The research plan is to define and develop the coordination chemistry of zinc, cadmium and mercury as a basis for understanding the biochemistry of proteins that contain these metals. Zinc, cadmium, and mercury-containing metal-cysteine proteins are involved in important biological processes in organisms ranging from viruses to mammals. In 1985, it was recognized that the zinc binding domains in Transcription Factor IIIA provide the structural motif responsible for the interaction of TFIIIA with DNA. In the last four years, there has been an explosion in the number of reports of cysteine-rich metal binding domains in proteins including many of which bind to DNA. Zinc-finger domains have rapidly become on of the major classes of nucleic acid binding proteins. The control of gene expression by protein-DNA interactions is one of the fundamental problems in biology. Included among the zing-finger proteins and related proteins with cysteine- rich metal binding domains are: the HIV-1 enhancer binding protein; the testes determining factor which is thought to be responsible for mammalian sex determination; the steroid hormone receptors; the tat protein from the human immunodeficiency (AIDS) virus which is a powerful trans-activator of HIV-1 gene expression and is essential for virus replication. Other proteins with Zn-cysteine coordination include alcohol dehydrogenase, beta- lactamase II, 5-Aminolevulinate dehydrase, and E. coli RNA Polymerase and metallothionein. Certain bacteria are capable of detoxifying alkylmercurials and inorganic mercury salt via a series of proteins all of which involve Hg-cysteine coordination. The transcription of these proteins is under the control of MerR, which is one of the first members of the new class of metalloregulatory proteins. Also certain yeast cells respond to toxic levels of Cd(II) by producing novel cadmium-sulfide crystallites. The investigations will involve the synthesis, structural characterization and spectroscopic study of complexes of zinc, cadmium and mercury, as well as related metals which have been used as spectroscopic probes for these group IIB metals. Through a systematic study, the coordination chemistry of these metals with biologically relevant ligands will be defined. Structural and spectroscopic parameters will be discovered and developed with the prospect that these parameters can be sued to identify and distinguish differences in coordination number, coordination geometries and the nature and number of ligands bound to a metal-center. The information obtained from these studies will enable the definitive characterization of metal-cysteine centers in proteins. The ultimate goal of this research is to understand how zinc, cadmium and mercury function in biological systems.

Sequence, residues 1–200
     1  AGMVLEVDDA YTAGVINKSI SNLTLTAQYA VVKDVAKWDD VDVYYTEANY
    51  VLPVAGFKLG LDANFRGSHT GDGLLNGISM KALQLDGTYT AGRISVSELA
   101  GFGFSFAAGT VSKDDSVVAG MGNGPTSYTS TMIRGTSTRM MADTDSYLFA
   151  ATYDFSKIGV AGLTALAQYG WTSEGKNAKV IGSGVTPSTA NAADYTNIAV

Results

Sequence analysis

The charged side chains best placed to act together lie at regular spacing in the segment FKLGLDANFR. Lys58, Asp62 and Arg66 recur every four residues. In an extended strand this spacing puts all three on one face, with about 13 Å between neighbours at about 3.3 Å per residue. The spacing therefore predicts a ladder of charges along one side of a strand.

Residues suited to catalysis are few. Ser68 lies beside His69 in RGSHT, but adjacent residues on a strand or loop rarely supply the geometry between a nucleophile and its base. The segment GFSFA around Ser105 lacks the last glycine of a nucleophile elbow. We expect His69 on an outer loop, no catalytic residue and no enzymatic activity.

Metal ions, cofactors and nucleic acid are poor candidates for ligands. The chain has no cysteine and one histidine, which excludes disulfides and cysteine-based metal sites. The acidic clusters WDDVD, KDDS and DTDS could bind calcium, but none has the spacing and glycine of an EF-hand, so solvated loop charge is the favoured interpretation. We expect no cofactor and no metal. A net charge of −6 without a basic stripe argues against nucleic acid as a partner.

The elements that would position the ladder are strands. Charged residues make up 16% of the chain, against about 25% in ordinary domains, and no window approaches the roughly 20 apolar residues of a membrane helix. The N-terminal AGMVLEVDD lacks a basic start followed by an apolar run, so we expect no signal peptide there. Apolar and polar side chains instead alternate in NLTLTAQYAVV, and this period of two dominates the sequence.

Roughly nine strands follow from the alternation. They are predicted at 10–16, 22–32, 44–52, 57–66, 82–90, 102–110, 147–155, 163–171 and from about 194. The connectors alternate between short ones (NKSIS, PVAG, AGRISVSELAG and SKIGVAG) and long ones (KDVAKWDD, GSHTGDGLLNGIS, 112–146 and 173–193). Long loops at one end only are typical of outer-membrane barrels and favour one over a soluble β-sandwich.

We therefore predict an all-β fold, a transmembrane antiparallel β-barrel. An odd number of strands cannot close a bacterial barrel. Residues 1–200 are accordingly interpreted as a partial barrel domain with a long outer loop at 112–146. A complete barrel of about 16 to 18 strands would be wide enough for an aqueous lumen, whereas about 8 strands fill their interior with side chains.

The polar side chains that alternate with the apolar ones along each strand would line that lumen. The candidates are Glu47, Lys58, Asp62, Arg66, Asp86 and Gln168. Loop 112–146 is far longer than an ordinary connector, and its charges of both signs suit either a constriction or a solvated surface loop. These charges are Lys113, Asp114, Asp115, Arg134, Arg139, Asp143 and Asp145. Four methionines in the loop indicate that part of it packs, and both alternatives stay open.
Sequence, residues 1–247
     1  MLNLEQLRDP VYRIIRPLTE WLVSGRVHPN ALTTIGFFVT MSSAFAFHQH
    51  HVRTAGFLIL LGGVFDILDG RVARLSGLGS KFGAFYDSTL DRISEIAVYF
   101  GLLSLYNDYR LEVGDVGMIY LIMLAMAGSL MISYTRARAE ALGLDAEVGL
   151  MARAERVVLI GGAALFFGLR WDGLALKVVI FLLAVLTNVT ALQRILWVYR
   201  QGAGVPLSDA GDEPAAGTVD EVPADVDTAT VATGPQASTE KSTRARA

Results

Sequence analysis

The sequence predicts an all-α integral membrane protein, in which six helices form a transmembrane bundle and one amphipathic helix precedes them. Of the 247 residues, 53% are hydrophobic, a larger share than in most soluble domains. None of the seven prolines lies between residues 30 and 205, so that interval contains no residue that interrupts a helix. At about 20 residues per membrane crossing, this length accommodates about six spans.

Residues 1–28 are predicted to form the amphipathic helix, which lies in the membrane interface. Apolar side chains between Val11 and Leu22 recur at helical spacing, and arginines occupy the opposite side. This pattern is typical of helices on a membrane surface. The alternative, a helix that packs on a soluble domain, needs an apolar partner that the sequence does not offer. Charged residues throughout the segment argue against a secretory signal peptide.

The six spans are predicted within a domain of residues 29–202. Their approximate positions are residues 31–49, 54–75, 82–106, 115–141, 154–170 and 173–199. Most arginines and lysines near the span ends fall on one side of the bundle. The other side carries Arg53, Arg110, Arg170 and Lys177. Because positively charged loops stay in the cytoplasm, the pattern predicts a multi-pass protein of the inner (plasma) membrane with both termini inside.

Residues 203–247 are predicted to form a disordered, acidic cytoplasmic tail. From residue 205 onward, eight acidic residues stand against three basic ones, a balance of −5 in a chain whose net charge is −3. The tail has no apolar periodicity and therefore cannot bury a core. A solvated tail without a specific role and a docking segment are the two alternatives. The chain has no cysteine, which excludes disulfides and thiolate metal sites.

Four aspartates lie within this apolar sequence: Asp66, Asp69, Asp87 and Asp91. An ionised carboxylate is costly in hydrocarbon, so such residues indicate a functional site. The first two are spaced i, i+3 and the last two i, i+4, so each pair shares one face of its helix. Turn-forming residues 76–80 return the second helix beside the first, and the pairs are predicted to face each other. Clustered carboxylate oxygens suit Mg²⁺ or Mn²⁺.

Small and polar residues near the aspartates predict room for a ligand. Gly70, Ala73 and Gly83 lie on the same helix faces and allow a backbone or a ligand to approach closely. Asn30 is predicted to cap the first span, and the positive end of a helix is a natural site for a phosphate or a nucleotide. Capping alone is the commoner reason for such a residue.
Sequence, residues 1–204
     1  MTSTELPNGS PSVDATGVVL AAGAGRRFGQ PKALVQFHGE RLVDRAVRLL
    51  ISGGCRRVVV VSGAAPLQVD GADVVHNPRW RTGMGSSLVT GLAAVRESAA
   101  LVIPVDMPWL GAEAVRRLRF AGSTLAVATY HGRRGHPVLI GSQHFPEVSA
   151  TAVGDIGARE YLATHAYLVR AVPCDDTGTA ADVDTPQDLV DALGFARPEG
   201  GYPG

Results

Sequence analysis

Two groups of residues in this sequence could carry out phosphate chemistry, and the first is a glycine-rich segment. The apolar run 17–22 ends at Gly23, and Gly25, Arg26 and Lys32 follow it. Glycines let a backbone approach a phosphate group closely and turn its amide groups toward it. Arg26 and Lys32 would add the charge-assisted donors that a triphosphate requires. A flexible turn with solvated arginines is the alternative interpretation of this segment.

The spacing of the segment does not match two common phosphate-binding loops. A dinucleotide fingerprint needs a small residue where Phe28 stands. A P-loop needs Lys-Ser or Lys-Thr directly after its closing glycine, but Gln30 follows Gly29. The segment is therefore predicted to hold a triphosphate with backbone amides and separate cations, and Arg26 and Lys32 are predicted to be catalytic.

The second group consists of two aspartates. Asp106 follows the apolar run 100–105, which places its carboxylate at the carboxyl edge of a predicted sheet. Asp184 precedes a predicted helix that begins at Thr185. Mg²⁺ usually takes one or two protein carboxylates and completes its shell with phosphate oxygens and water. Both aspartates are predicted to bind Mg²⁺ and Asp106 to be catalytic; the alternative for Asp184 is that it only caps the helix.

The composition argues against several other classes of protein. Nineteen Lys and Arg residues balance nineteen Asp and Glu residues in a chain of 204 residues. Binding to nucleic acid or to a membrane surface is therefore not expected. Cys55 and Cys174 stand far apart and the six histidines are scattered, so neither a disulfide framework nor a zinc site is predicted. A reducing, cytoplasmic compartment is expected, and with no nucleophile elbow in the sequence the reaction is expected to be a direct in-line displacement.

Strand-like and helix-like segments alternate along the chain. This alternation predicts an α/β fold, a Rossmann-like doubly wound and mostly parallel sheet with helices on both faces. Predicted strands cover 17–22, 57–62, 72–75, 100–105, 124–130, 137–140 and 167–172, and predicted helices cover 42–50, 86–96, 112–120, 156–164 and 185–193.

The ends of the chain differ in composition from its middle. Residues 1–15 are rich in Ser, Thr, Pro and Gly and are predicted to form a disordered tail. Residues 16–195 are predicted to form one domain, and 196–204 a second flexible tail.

National Institute of Health (NIH)
National Institute of General Medical Sciences (NIGMS)
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Metallobiochemistry Study Section (BMT)
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State University New York Stony Brook
Schools of Arts and Sciences
Stony Brook
United States
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